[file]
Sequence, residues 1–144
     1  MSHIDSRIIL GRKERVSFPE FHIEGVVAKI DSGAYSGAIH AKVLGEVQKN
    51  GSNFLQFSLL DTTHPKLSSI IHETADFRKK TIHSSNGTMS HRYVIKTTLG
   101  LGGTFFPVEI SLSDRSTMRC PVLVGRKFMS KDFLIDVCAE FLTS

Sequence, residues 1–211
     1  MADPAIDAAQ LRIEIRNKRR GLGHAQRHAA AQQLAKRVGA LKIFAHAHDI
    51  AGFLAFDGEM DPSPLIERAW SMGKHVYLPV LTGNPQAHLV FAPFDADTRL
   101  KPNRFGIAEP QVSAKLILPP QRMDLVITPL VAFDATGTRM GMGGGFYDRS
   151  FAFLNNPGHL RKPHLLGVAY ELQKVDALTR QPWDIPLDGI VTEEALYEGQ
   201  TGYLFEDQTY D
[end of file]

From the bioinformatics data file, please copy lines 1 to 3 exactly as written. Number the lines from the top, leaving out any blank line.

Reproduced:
Sequence, residues 1–144
     1  MSHIDSRIIL GRKERVSFPE FHIEGVVAKI DSGAYSGAIH AKVLGEVQKN
    51  GSNFLQFSLL DTTHPKLSSI IHETADFRKK TIHSSNGTMS HRYVIKTTLG